Johanna has concentrated on portraiture and photo essays for magazines and other publications, but also provides high quality architectural photography for numerous brokerage firms, including Cushman & Wakefield; Colliers International; CB Richard Ellis, and commissioned by Development One to shoot a building they designed and built at Edwards Air Force Base. She is currently working on a book of her passion project: conceptual portraits of notable people with their pets.
 
Johanna is dedicated to exploring new techniques, and experimenting with innovative story-telling ideas through her imagery, and is also uses her photographic gifts for selective charity work.

Johanna Siegmann Portfolio

Julia Dean Interviews Johanna Siegmann

LACP Founder and Executive Director Julia Dean asks Johanna Siegmann ten questions about her background, career in and beliefs about photography

Julia Dean: What kind of photographer are you?

Johanna Siegmann: ? Instinctual, collaborative. The opposite of a technical shooter. I like to tinker until it all comes together.

JD: How long have you been shooting?

JS: ? I’ve owned a camera since I was 10, but didn’t start shooting purposefully until 2008. I decided to go “professional” in 2010.

JD: Where did you get your training?

JS: I’ve had very little “formal” training. I took one studio lighting course at your school, when it was in Venice, CA, and have taken a processing/concept workshop with Brooke Shaden. But I’ve been a member of DPC (Digital Photography Challenge) since 2008, where I learned almost everything I know and use on a daily basis. I’m now an moderator on that site.

JD: When did you know you wanted to devote your life to photography?

JS: When taking a photo for one of the DPC photo challenges. I’d already been on it for a couple of years, and the challenge was to recreate a famous photograph. I knew instantly which image I wanted to recreate, and it was Les Violons d’Ingres, by Ray Man. It was a world of firsts for me: first studio shoot, first shoot using lights, first time shooting a nude. I was fortunate to have a photographer friend with all the equipment who agreed to help me, and a friend who agreed to pose. During the shoot, as I was working with my friend to get the lights to look how I saw them in my head, I knew that this is what I wanted to do for the rest of my life. I ended up being a finalist in that challenge.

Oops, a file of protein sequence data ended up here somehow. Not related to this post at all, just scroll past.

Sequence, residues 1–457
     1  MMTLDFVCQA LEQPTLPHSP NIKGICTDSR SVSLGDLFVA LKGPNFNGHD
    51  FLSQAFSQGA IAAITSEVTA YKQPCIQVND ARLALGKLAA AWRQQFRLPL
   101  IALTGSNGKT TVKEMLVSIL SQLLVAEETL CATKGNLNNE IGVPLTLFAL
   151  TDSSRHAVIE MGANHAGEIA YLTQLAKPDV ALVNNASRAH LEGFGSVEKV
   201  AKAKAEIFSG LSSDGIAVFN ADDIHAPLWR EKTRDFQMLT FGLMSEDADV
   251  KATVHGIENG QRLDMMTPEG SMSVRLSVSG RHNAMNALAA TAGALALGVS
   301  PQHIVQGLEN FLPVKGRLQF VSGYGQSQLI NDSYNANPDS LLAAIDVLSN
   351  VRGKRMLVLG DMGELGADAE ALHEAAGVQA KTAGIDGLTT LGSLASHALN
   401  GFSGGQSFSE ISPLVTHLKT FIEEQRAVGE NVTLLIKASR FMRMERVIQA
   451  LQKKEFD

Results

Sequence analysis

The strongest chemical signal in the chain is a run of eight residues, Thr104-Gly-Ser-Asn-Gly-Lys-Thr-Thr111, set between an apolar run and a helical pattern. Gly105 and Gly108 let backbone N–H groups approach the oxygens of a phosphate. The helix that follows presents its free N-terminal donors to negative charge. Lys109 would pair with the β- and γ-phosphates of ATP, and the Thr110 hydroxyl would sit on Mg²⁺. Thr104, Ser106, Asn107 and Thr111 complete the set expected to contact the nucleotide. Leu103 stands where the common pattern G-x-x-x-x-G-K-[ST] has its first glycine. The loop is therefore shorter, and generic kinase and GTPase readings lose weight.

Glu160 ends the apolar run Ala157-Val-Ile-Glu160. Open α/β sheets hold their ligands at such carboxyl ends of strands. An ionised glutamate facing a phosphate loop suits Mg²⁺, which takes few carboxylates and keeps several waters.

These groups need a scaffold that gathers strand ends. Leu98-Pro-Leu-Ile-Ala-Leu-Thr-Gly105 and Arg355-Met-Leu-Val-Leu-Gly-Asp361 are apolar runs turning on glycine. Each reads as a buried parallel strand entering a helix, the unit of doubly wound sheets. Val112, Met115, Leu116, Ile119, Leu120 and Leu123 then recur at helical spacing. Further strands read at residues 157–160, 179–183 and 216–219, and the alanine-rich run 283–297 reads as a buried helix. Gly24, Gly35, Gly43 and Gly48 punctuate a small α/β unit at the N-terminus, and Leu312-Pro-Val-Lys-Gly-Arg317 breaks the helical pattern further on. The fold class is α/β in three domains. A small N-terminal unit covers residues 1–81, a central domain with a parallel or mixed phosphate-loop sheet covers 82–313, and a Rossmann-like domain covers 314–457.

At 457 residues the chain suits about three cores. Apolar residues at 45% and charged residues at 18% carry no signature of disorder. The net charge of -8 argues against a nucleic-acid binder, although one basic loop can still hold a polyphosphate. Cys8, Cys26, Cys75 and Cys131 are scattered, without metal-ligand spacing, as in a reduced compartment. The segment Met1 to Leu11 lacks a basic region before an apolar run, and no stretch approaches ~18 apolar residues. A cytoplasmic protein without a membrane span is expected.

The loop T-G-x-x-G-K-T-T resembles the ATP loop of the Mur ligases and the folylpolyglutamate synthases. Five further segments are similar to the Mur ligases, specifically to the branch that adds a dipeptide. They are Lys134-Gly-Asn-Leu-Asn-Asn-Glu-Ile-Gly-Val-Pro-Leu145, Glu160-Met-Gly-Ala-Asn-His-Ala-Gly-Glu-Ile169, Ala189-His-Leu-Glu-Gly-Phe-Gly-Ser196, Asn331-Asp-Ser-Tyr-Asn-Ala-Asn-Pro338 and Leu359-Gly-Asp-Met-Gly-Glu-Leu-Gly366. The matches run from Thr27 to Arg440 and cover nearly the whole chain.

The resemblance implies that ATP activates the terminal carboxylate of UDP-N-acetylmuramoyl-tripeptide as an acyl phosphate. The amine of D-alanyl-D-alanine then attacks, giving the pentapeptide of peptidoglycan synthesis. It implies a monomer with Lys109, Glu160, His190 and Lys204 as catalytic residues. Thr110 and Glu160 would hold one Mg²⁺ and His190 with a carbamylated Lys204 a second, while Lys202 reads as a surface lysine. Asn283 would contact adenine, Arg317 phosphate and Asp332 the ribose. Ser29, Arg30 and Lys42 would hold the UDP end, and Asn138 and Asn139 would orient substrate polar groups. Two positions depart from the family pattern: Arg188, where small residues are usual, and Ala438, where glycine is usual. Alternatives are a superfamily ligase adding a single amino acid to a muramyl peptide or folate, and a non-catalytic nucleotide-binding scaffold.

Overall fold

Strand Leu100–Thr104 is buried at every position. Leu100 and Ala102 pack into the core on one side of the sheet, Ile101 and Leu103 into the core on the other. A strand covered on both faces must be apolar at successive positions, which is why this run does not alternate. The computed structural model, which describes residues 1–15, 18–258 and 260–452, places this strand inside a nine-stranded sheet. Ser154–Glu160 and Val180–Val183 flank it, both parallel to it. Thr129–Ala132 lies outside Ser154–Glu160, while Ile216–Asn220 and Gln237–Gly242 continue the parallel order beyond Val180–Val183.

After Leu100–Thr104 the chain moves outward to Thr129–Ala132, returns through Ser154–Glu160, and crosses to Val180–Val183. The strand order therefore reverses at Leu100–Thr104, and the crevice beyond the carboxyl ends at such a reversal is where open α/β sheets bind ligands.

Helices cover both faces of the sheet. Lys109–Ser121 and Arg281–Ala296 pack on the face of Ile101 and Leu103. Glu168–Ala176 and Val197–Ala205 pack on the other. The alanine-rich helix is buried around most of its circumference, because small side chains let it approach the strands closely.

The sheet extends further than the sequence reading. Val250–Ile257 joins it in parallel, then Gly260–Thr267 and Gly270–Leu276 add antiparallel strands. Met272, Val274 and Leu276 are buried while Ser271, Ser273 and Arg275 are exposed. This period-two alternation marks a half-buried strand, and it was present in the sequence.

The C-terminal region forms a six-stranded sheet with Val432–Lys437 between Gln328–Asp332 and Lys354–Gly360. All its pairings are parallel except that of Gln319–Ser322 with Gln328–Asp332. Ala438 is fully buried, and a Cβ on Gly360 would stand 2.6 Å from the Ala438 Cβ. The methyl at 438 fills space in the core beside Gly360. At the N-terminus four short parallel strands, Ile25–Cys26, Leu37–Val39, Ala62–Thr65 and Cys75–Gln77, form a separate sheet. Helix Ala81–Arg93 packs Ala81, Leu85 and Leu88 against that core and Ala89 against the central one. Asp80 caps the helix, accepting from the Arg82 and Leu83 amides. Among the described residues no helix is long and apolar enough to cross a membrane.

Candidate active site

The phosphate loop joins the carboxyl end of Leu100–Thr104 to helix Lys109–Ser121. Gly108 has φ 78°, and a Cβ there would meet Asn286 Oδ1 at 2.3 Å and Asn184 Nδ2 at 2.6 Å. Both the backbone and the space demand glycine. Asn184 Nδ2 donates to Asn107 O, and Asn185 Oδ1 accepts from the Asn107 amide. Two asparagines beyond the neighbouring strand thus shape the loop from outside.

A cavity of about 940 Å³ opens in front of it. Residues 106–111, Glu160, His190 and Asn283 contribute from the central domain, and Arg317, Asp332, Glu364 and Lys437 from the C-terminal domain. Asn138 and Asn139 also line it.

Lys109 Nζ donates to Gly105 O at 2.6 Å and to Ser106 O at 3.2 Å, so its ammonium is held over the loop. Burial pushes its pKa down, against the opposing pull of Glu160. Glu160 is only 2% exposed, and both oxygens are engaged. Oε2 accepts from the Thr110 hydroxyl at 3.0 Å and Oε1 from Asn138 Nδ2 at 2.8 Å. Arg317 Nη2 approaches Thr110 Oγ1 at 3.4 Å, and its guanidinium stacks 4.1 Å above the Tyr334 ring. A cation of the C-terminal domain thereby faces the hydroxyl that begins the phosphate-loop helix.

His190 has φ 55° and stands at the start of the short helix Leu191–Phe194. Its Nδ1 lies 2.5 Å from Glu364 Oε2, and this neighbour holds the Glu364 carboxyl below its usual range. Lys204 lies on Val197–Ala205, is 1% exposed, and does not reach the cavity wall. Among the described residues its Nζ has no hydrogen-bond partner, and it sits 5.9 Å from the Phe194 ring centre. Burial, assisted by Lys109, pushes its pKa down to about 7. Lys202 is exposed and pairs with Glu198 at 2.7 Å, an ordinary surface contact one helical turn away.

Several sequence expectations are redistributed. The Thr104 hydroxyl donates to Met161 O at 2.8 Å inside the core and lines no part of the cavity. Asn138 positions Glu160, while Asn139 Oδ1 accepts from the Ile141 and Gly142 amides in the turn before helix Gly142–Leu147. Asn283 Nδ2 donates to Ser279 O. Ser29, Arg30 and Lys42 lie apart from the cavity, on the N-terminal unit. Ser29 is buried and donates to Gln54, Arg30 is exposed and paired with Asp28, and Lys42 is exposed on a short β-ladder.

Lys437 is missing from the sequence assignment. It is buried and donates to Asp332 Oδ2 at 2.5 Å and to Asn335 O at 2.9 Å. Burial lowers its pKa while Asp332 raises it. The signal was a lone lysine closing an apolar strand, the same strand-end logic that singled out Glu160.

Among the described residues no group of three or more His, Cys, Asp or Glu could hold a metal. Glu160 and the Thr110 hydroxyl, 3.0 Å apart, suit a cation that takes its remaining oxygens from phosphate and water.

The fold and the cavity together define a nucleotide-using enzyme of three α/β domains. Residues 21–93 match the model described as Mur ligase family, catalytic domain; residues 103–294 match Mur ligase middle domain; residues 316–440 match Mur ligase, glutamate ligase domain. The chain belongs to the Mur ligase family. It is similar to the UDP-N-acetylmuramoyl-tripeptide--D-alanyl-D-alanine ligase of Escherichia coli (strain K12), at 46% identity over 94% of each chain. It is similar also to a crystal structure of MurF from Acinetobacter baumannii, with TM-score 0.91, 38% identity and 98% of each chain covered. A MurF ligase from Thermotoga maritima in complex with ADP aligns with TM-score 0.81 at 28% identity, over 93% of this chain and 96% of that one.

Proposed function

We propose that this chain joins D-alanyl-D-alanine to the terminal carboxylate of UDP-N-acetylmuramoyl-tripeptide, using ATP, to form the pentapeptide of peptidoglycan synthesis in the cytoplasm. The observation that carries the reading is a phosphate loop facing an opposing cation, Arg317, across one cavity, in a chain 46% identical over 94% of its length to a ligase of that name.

JD: Did you ever come close to giving up?

JS: Not yet. I’ve certainly been discouraged, and I’ve taken a couple of personal breaks for personal reasons, but all it takes is me seeing something unique, beautiful, engaging, to want to run to my camera. I have so many project ideas that giving up is not an option at this time.

JD: Have you sacrificed anything by being a photographer?

JS: Is it a sacrifice when it allows you to do what you love? But I guess taking a serious financial hit IS tough. And giving up some weekends and evenings because they’re the only time your client has, could also be called a “sacrifice”.

JD: What have you gained by being a photographer?

JS: Connecting the dots. I’ve always wondered about my strange collection of past careers, with everything seemingly disjointed. With photography, it all makes sense now. From my days in advertising, the importance of a concept; from theater: motivation, style, lighting, a sense of importance and a way of motivating, and communicating with, a wide range of individuals; from jewelry: patience, persistence, attention to small details. And so on for all my employments.

JD: What classes do you teach at LACP?

JS: “Working with Models.”

JD: What do you love most about teaching?

JS: The “AHA” moment. It tells me that the student has absorbed something previously not understood. It’s motivating, and also a bit humbling. That look is everything. I also love to hear different viewpoints, ideas, and get a peak into other people’s thought processes.

JD: What advice would you give someone who is thinking about making a career in photography?

JS: That’s a tough one. I guess I’d say that everyone’s journey is different. And everyone measures success in a different way. But most importantly, never sacrifice your personal vision for anything; if someone’s advice doesn’t ring true for YOU – even if it’s from the most famous photographer ever – listen to your gut and your heart. It’s never wrong. There is no wrong way for you to follow YOUR dream.